Recipient of the Eugene and Margaret Logan Fellowship
Assistant Professor of Pastoral Ministry
Moody Bible Institute, Chicago, IL
My dissertation, "The Function of New Testament Warning Passages: A Speech Act Theory Approach," supervised by Dr. Douglas J. Moo, attempts to explore the function of prospectively oriented New Testament warning passages through the lens of speech act theory as a constructive tool for illuminating often neglected dimensions of meaning in terms of illocutionary force and perlocutionary effect. My approach in this study was three-pronged: (1) to establish a rationale for the relevance of speech act theory in the exegesis of New Testament warnings; (2) to consider general rhetorical backgrounds, in particular, Old Testament covenantal rhetoric with its inherent tensions beetween unconditional promise and contingency, the paradigmatic tensions of John 14:15-15:17, and the potential influence of honor-shame rhetoric; and (3) to offer exegetical analysis of three representative New Testament warnings: Col 1:21-23; Rom 11:17-24; and 1 Pet 1:5-11. A traditional exegessis was supplemented by insights from speech act theory that help to elucidate more clearly the illocutionary force and performative function of these texts.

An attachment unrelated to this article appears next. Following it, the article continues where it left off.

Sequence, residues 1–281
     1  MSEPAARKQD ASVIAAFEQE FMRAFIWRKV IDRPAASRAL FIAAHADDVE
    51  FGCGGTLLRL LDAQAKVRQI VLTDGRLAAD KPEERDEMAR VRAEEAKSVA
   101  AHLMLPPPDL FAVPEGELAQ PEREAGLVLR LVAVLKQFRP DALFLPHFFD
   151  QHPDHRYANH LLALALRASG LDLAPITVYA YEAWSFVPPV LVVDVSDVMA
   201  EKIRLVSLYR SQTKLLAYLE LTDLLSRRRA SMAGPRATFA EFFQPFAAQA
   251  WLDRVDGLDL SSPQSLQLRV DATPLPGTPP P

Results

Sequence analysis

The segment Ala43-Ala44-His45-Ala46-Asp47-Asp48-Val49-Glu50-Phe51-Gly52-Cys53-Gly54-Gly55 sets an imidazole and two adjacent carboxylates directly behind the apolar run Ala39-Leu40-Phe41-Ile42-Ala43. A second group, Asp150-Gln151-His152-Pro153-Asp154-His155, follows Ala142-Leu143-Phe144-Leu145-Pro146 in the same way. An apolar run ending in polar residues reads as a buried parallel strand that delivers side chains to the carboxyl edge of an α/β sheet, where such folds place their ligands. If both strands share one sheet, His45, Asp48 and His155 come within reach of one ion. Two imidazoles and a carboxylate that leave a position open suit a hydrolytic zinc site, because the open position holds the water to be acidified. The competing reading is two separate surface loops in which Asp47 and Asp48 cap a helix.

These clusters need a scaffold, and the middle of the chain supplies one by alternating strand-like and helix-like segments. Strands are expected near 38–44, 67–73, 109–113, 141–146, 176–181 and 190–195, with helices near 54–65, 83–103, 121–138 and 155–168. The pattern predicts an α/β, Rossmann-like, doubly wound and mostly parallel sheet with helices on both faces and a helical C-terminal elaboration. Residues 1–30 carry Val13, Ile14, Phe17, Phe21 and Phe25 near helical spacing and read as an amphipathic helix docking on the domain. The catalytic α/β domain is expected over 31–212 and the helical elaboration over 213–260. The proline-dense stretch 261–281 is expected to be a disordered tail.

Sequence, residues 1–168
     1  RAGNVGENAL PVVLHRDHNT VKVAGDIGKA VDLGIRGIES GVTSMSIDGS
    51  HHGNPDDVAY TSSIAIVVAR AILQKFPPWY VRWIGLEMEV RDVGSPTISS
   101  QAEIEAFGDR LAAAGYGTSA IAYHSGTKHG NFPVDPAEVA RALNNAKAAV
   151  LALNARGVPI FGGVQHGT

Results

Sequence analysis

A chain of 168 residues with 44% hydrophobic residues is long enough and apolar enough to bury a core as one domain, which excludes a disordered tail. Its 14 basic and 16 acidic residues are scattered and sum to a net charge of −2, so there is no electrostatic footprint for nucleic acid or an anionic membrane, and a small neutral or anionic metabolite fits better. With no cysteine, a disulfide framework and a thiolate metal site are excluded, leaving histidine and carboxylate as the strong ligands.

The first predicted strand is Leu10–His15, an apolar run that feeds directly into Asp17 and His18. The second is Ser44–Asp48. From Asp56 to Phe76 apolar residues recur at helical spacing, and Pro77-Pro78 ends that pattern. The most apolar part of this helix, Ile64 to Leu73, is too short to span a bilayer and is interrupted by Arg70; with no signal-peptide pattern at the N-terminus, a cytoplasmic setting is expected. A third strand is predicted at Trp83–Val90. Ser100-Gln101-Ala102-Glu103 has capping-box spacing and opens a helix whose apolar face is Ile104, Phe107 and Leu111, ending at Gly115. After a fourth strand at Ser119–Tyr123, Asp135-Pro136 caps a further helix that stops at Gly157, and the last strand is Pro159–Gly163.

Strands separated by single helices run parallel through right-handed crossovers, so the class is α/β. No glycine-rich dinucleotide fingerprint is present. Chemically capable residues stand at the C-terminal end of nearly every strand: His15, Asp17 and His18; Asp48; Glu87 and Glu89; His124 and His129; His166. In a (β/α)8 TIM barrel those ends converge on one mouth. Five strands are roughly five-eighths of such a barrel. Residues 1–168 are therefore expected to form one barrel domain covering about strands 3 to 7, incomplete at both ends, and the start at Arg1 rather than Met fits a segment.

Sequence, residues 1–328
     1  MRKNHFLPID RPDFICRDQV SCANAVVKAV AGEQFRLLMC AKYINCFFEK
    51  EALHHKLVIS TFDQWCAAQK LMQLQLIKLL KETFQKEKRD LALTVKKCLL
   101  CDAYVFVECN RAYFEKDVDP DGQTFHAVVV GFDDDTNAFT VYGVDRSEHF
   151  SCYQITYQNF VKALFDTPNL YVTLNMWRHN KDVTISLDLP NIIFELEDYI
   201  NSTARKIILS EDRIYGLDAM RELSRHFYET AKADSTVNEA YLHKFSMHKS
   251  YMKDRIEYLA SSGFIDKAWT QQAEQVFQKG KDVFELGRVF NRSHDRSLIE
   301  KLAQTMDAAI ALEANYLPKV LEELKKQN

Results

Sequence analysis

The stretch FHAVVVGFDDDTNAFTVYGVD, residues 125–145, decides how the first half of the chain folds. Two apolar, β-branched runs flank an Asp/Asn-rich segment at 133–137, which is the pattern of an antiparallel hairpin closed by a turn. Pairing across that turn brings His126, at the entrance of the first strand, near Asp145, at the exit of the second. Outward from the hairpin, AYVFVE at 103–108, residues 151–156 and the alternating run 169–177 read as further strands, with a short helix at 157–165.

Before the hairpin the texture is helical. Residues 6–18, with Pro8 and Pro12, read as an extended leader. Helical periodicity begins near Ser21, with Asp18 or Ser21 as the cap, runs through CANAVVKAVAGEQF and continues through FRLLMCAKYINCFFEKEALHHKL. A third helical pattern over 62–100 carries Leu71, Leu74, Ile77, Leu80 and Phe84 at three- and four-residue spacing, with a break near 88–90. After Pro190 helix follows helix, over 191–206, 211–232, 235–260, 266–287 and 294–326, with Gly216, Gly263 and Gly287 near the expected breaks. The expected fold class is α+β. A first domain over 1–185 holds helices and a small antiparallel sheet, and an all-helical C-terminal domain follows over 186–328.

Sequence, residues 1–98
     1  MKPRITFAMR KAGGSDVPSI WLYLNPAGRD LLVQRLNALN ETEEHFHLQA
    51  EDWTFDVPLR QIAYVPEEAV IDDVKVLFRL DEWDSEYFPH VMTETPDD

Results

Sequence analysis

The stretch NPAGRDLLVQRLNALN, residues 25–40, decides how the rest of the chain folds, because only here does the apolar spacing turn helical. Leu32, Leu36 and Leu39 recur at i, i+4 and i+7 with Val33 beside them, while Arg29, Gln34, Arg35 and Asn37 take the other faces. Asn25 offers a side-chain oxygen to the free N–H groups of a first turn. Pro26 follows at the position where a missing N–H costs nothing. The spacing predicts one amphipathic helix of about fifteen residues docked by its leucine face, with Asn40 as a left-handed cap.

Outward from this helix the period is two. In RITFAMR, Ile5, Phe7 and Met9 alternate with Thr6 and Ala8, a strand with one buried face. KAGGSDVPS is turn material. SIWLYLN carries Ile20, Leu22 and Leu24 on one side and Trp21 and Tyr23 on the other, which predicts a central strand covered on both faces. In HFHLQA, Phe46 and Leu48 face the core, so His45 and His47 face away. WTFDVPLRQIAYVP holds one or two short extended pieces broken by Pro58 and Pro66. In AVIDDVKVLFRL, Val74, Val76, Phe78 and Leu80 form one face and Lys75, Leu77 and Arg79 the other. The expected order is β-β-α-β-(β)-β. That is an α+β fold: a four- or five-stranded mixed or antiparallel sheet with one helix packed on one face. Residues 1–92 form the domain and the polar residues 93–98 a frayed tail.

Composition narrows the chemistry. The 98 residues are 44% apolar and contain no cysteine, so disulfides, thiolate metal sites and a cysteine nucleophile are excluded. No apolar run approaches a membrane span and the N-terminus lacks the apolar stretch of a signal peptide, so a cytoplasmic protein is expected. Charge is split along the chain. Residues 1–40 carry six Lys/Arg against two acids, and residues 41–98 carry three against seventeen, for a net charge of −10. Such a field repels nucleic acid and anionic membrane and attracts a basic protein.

I am profoundly grateful for my doctoral mentor, Dr. Douglas Moo. He kindly pushed me when necessary, yet also allowed me to own the process in a way that was true to myself. His utmost humility and integrity in scholarship, both in his ongoing pursuit of truth and in his gracious dialogue, are truly a model to emulate.